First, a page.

ST. LOUIS ― Donald Trump takes the stage Sunday night with his entire presidential campaign likely riding on his ability to accomplish two things that he may be incapable of: apologizing, and sounding like he actually means it.
“Asking him to show self-awareness, contrition, sincerity and remorse is like asking a turtle to fly,” said Texas GOP consultant Matt Mackowiak. “He is now an extinction-level threat to the party of Lincoln.”
“It’s a tall order,” acknowledged Randy Evans, a Republican National Committee member from Georgia who hopes his party mates will give Trump an opportunity to make things right. “I think everybody should take a deep breath, see what the next 48 hours hold.”
Just two mornings ago, Trump was positioned to enjoy a boost from the second presidential debate, thanks to his dismal showing in the first debate two weeks earlier. Trump was almost certain to do at least a little better in the “town hall” format, with the opportunity to interact with questioners from the audience rather than exclusively with Democratic nominee Hillary Clinton.
Asking him to show self-awareness, contrition, sincerity and remorse is like asking a turtle to fly. Matt Mackowiak, Texas-based GOP consultant
That alone was almost certain to generate media and public perceptions that Trump was the winner of round two, setting up the final debate in Las Vegas on Oct. 19.
But that entire scenario disintegrated over the span of a few hours starting late Friday afternoon, when The Washington Post published a leaked recording of Trump from 2005. In it, Trump bragged that his fame permitted him to make uninvited advances on women, including by grabbing them by their genitals. Even Trump supporters acknowledged this constituted sexual assault ― a serious felony punishable with prison time ― although they suggest that perhaps Trump was just bragging and hadn’t actually done it.
“How much exaggeration was involved in that, I don’t know,” Trump adviser Rudy Giuliani told ABC News on Sunday morning. “I do know there’s a tendency on that part of some men at different times to exaggerate things like this.”
Trump over the course of the previous year had already accused undocumented Mexican immigrants of being rapists. He mocked prisoners of war for getting captured. He said a federal judge of Mexican descent was unable to preside fairly over a fraud trial against his Trump University real estate courses. He called for a blanket ban on Muslims from entering the country. He lashed out at the Muslim family of an American soldier killed in Iraq.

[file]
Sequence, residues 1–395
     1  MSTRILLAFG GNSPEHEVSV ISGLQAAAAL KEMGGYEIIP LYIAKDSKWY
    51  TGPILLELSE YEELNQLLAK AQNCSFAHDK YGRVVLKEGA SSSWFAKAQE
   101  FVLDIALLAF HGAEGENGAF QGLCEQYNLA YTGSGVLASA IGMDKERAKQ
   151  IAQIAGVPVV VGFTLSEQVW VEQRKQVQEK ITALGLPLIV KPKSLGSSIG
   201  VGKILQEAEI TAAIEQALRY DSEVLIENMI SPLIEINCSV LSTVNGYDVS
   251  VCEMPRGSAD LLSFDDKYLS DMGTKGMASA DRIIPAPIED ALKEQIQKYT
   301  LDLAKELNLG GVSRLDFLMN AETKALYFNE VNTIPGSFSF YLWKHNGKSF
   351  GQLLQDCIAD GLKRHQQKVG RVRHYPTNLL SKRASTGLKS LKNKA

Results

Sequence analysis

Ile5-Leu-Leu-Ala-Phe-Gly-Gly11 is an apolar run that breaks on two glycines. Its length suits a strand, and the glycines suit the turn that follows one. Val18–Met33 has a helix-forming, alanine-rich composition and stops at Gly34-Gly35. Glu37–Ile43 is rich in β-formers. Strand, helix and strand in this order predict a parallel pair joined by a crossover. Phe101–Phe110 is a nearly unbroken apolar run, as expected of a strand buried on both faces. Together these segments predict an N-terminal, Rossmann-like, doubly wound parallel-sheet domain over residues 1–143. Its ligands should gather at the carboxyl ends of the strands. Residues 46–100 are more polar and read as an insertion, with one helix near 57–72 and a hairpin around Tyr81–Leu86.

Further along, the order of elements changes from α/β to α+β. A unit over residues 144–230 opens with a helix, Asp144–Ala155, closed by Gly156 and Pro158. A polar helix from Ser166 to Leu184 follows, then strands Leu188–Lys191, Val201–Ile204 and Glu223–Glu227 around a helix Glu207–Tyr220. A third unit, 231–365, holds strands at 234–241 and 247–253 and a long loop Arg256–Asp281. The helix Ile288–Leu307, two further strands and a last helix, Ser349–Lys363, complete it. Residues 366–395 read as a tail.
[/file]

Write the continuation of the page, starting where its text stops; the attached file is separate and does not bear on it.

But Republicans who countenanced all of those episodes decided that this latest ― a 59-year-old man bragging about his ability to grope women with impunity ― was unforgivable. Some two dozen Republican members of Congress withdrew their support from Trump or called on him to drop out. Others gave him one last chance to make things right.
“Donald doesn’t have much choice at this point: He needs to throw himself on the mercy of the American people tomorrow night. He needs to take full responsibility for his words and his behavior. He needs to beg their forgiveness, and he needs to pledge to finally change his ways,” Arkansas Sen. Tom Cotton (R) told an Iowa audience Saturday. “If he doesn’t do those things, if he won’t do those things, then he should step aside and allow the Republican Party to replace him with an elder statesman who will.”
For Trump to beg for forgiveness, though, could require him to learn a brand-new behavior at age 70. He has bragged on the campaign trail about never apologizing, and declared in a news conference that he had no interest in changing who he was.
While his two statements thus far since the release of the 2005 audio both used the word “apologize,” neither appeared to show contrition. In a written statement, Trump apologized to those who were offended by the tape. A video statement released later that night showed a defiant ― even angry ― Trump, who ended his 90-second recording by attacking Clinton for the sexual predations of her husband, former President Bill Clinton.
“We will discuss this more in the coming days. See you at the debate on Sunday,” Trump said in closing.
Whether Trump follows through with that threat will set the course of the remaining month of the campaign ― and likely determine whether other Republicans hang with Trump through Nov. 8 or continue their exodus.
“If he’s going to try to come back with attacks on Hillary that focus on her husband’s bad behavior instead of sounding contrite and remorseful, he will accelerate his campaign’s uncontrollable death spiral,” said Ryan Williams, a former aide to 2012 GOP nominee Mitt Romney. “It’s like a snowball rolling down a ski slope. It’s gaining momentum and getting bigger.”